More complex usage of references

References to Subroutines

In the same way you reference individual items such as arrays and scalar variables, you can also point to subroutines.

To construct such a reference, you use the following type of statement:

$pointer_to_sub = sub { ... declaration of sub ... } ;

Notice the use of the semicolon at the end of the sub declaration. To call a subroutine by reference, you must use the following type of reference:

&$pointer_to_sub( parameters );

This is pretty logical: you are de-referencing the $pointer_to_sub and using it with the ampersand (&) as a pointer to a function.

The code within a sub is simply a declaration created through a previous statement. The code within the sub is not executed immediately, however. It is compiled and set for each use. That means that you can store procedures like regular variables, make them elements of array or hash, etc.

The Anonymous Hash Composer

You can create a reference to an anonymous hash by using braces:


$hashref = {
    'Adam'  => 'Eve',
    'Clyde' => 'Bonnie',


The values above are literal strings; variables and expressions would work as well. Also, for the values (but not the keys) of the hash, you can freely mix anonymous hash and array composers to produce as complicated a structure as you want.

These braces work like this only where the Perl parser is expecting a term in an expression, and should not be confused with the braces that are functioning as operators when used to subscript a hash (though there is an obvious mnemonic association with hashes). Braces inside a quoted string do not result in the interpolation of a reference to an anonymous hash. Rather, such braces become literal elements in the string. (However, the same caveat about interpolating expressions applies to braces as it does to brackets.)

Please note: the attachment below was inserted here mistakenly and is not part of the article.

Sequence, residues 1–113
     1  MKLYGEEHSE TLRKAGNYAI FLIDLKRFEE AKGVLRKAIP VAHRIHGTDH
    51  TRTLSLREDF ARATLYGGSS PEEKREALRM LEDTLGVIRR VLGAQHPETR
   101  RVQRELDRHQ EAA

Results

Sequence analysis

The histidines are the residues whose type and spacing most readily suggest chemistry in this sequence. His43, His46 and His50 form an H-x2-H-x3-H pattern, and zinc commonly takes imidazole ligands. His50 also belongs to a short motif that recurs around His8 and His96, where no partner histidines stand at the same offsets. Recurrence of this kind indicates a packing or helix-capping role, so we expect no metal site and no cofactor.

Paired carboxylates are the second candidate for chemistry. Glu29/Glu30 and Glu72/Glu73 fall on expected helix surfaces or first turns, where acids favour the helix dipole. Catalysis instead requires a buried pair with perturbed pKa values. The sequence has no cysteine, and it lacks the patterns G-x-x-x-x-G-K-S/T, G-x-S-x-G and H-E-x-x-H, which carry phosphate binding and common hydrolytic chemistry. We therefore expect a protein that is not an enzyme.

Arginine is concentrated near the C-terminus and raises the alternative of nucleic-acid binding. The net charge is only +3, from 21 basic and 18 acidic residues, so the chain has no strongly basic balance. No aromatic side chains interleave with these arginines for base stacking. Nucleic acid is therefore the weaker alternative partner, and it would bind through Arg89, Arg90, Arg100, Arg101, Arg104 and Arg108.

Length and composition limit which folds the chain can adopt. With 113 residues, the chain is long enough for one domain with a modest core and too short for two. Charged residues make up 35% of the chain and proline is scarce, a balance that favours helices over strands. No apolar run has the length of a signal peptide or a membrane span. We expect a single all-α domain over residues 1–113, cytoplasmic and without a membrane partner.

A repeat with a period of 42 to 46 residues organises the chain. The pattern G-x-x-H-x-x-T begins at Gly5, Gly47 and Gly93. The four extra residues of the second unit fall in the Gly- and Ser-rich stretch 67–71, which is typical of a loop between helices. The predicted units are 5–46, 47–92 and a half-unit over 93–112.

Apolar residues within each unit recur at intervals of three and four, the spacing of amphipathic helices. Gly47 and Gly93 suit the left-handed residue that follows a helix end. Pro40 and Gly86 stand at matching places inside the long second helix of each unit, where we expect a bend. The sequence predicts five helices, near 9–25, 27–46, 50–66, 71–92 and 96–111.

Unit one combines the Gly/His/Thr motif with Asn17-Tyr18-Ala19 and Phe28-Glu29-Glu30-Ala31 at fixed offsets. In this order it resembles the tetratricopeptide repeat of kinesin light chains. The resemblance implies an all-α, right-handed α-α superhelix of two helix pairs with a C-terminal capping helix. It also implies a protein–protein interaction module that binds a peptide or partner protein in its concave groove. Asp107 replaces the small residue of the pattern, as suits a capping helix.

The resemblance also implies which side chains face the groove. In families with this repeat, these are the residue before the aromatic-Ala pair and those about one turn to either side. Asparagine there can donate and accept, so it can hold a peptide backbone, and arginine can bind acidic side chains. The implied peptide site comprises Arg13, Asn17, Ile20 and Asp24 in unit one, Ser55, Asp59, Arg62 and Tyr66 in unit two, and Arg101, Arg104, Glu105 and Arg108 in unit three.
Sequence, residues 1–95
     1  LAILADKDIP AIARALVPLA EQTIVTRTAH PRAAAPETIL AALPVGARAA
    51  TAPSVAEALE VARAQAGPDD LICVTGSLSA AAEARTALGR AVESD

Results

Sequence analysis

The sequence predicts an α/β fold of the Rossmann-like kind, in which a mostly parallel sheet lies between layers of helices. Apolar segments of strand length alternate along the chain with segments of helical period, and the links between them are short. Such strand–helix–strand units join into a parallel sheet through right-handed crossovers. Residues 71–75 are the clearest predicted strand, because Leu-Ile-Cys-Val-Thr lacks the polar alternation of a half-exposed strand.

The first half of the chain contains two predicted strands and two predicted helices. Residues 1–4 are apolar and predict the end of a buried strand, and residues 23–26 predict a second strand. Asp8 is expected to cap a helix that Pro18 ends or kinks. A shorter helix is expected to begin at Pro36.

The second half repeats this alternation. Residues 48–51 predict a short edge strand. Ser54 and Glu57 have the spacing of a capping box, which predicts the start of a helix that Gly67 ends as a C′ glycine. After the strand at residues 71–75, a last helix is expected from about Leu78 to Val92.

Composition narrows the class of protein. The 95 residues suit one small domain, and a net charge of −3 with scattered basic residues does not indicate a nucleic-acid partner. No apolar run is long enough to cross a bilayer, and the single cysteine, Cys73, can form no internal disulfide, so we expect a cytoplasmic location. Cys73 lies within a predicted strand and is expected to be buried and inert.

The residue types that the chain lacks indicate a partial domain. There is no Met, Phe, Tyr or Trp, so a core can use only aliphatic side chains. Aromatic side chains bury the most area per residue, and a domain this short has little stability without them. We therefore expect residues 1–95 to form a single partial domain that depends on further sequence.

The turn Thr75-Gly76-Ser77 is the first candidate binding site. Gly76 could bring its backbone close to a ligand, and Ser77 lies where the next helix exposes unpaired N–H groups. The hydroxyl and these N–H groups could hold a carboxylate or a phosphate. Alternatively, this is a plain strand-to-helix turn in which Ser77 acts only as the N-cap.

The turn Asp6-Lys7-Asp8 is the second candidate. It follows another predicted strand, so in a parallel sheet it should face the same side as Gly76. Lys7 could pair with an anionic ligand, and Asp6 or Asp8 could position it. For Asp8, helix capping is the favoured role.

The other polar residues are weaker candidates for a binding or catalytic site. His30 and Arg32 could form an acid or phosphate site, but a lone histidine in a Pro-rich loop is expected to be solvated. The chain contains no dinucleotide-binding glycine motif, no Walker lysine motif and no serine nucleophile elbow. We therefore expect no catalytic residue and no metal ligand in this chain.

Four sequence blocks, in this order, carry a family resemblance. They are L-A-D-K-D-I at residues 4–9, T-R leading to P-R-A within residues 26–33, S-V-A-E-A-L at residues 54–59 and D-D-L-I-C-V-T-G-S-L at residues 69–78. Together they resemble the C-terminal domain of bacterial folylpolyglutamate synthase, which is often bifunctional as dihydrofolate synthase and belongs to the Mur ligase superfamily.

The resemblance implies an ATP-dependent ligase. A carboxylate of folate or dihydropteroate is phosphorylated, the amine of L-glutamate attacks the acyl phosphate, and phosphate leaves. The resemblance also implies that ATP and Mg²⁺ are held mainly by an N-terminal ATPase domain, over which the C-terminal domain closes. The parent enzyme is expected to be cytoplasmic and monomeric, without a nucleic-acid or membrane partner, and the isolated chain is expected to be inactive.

Since braces are also used for several other things including BLOCKs, you may occasionally have to disambiguate braces at the beginning of a statement by putting a + or a return in front so that Perl realizes the opening brace isn't starting a BLOCK. For example, if you wanted a function to make a new hash and return a reference to it, you have these options:


sub hashem {        { @_ } }   # silently WRONG
sub hashem {       +{ @_ } }   # ok
sub hashem { return { @_ } }   # ok


The Anonymous Subroutine Composer

You can create a reference to an anonymous subroutine by using sub without a subroutine name:

$coderef = sub { print "Boink!\n" };


Note the presence of the semicolon, which is required here to terminate the expression. (It wouldn't be required after the declaration of a named subroutine.) A nameless sub {} is not so much a declaration as it is an operator - like do {} or eval {} - except that the code inside isn't executed immediately. Instead, it just generates a reference to the code and returns that. However, no matter how many times you execute the line shown above, $coderef will still refer to the same anonymous subroutine.[4]

[4] But see later about closures. Even though there's only one anonymous subroutine, there may be several copies of the lexical variables in use by the subroutine, depending on when the subroutine reference was generated.

Object Constructors

Subroutines can also return references. That may sound trite, but sometimes you are supposed to use a subroutine to create a reference rather than creating the reference yourself. In particular, special subroutines called constructors return references to objects. An object is simply a special kind of thingy that happens to know which class it's associated with. Constructors know how to create that association. They do so by taking an ordinary thingy and turning it into an object (which remains a thingy even while it's also being an object). The operator that a constructor uses to do this is called bless, so we can speak of an object as a blessed thingy. Constructors are customarily named new(), but don't have to be. They're usually called in one of two ways:

$objref = new Doggie Tail => 'short', Ears => 'long';
   # same as
$objref = Doggie->new(Tail => 'short', Ears => 'long');


See Chapter 5, Packages, Modules, and Object Classes, for a discussion of Perl objects.